Parents are key influence in their children’s health
AIA New Zealand Media Release: 28 September 2016
Gemma Flynn: Parents are key influence in their children’s health and wellbeing
Black Sticks player Gemma Flynn is leading a classroom-based health and wellbeing programme to inspire children to get active.
The programme, called the AIA Healthy Kids Challenge, has experienced an overwhelming response. Registrations exceeded the 15,000 targetwithin two weeks of the programme’s launch.
Launched by AIA New Zealand on 18 August, the programme is also being supported by international rugby winger Cory Jane.
“I’m pleased to be a part of the AIA Healthy Kids Challenge. It’s a wonderful initiative that brings people together and encourages quality family time. It provides a fun way for families to be active together and, importantly, it sets manageable goals,” says Gemma.
AIA New Zealand Head of Marketing and Communications, David Savidan, says: “We’re delighted at the phenomenal response the AIA Healthy Kids Challenge has generated. It really highlights the relevance of health and wellbeing education programmes in schools, and we’re excited to have Gemma Flynn’s support to reinforce these important messages to children and their parents.”
Gemma says that parents face a myriad of challenges when it comes to growing healthy, happy, resilient children today.
“People’s lives are busier than ever, there are multiple distractions and it’s often a struggle to get the ‘eat, move, sleep’ balance right. It helps to have good tools and information,” says Gemma.
When it comes to health and wellbeing, Gemma says there is a lot of ‘noise’ to filter out to get the best advice. The Ministry of Health is a good example with its useful tips on healthy living.
Importantly, Gemma recommends families find what works for them. “No one rule applies to everyone. Plan your time and prioritise what’s important. Set realistic goals and make slight adjustments to what you do over time. And make it fun.”
Gemma has a degree in Sport and Exercise Science from Massey University and runs her own health and wellness business. Working with individuals and groups, including children, Gemma challenges people to be the best they can be. The aim is to help open people’s eyes to the benefits of exercise, nutrition and balance to live a happier and healthier life. Part of the focus is working with schools to equip staff and students with the tools and skills needed to be the best they can be.
“Healthy body, healthy mind, it’s a cliché, but it’s true,” says Gemma. “Establishing a positive relationship with food and an understanding of the importance of being active will set children on the right path. Importantly, it also helps to develop good self-esteem and resilience.”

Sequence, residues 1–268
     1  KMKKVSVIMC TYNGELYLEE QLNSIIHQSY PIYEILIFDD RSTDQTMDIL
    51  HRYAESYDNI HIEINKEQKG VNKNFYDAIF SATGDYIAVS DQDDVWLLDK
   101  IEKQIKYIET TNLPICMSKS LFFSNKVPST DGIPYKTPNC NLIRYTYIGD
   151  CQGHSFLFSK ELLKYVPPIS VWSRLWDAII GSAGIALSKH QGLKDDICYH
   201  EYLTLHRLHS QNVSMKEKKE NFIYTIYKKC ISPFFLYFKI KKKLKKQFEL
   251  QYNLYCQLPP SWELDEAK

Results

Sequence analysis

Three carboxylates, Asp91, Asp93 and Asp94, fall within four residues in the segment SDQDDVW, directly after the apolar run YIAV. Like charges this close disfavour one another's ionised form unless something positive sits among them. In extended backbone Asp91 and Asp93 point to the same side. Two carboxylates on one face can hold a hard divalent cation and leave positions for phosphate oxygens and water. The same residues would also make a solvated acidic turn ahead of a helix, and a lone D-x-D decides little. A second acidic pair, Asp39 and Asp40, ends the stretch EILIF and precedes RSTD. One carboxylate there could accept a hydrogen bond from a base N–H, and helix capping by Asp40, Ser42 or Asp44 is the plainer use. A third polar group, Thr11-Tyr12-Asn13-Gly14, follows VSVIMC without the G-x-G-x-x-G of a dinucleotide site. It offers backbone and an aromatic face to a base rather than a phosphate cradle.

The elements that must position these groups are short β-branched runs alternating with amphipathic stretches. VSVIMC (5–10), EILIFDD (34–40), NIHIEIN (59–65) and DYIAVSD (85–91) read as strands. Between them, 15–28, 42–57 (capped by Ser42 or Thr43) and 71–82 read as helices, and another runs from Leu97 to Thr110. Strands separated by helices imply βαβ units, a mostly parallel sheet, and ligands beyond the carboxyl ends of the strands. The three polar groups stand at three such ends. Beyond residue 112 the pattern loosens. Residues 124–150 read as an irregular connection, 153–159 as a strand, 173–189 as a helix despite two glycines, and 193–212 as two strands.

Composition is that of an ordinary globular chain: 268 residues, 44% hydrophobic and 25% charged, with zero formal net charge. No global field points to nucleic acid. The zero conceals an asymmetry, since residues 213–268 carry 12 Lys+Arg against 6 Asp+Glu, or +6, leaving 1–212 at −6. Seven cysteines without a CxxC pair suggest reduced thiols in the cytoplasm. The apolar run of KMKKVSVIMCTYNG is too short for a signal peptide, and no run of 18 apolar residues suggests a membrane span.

Good habits and behaviours are instilled from an early age so Gemma encourages parents to lead by example.
Gemma, who has two older brothers, credits her parents with their healthy approach to exercise and eating. “We enjoyed a lot of typical Kiwi family activities when I was growing up: bike riding, swimming at the beach, walking our dogs. And at sport, my parents were always there on the sidelines to support me and my brothers.”
“My parents also inspired in us a healthy relationship with food. We always ate breakfast; we sat down at the table to eat dinner together every night; and we approached treats as just that, treats.”
Digital devices are often cited as a barrier to healthy living. Gemma says we need to accept that technology is here to stay and recognise the potential to harness it to motivate and engage people in a healthy lifestyle.
Gemma says the AIA Healthy Kids Challenge is a good example of this. The health and wellbeing initiative cleverly combines technology and leading New Zealand athletes to inspire, motivate and educate primary school children and their parents to lead healthier lives.
As part of the AIA Healthy Kids Challenge, each child receives a free pedometer to count the number of steps they take every day; each child also gets to create their own unique avatar. The programme records each class’s daily average steps, giving them the opportunity to win prizes, including AIA sports grants and Huawei Tablets for their school.
The children’s journey will be captured in a virtual online world showing the progress of their avatars as they work together to unlock new destinations. As children complete each leg, they’re shown an animated video of their avatar exploring each new place with Gemma and Cory, and other New Zealand sporting stars. They learn about the history and culture of the countries they ‘visit’, and get health tips on the way around.
Gemma encourages parents to get involved in the AIA Healthy Kids Challenge and get active as a family.
While class registrations for kids have now been closed for this year’s AIA Healthy Kids Challenge due to the overwhelming response from teachers, there are still plenty of free places available for parents, friends and family members to join the Challenge.
Parents, friends and family can use the website or download the challenge app to track their own steps. The more adults each participating class has involved, the more chances the class and school have to win great prizes, and there are opportunities for parents who get involved to win prizes too.
And anyone can support their local primary school and help them to win prizes. It’s easy to participate and have fun getting active in the lead up to summer.
Simply visit www.healthykids.kiwi to register. The 2016 programme gets underway on 26 October 2016.